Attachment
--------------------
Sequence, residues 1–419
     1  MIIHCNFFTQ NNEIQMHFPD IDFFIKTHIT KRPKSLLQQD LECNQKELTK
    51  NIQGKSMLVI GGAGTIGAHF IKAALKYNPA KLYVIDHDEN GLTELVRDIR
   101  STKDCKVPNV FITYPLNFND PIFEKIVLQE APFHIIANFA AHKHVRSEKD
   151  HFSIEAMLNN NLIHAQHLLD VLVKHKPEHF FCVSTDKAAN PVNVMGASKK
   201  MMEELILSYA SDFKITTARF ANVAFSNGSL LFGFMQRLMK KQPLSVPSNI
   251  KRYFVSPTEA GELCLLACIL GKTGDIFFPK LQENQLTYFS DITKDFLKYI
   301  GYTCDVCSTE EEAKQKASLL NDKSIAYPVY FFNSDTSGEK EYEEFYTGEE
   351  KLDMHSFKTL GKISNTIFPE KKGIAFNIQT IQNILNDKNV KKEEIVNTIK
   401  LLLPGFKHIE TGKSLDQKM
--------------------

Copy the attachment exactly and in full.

Sequence, residues 1–419
     1  MIIHCNFFTQ NNEIQMHFPD IDFFIKTHIT KRPKSLLQQD LECNQKELTK
    51  NIQGKSMLVI GGAGTIGAHF IKAALKYNPA KLYVIDHDEN GLTELVRDIR
   101  STKDCKVPNV FITYPLNFND PIFEKIVLQE APFHIIANFA AHKHVRSEKD
   151  HFSIEAMLNN NLIHAQHLLD VLVKHKPEHF FCVSTDKAAN PVNVMGASKK
   201  MMEELILSYA SDFKITTARF ANVAFSNGSL LFGFMQRLMK KQPLSVPSNI
   251  KRYFVSPTEA GELCLLACIL GKTGDIFFPK LQENQLTYFS DITKDFLKYI
   301  GYTCDVCSTE EEAKQKASLL NDKSIAYPVY FFNSDTSGEK EYEEFYTGEE
   351  KLDMHSFKTL GKISNTIFPE KKGIAFNIQT IQNILNDKNV KKEEIVNTIK
   401  LLLPGFKHIE TGKSLDQKM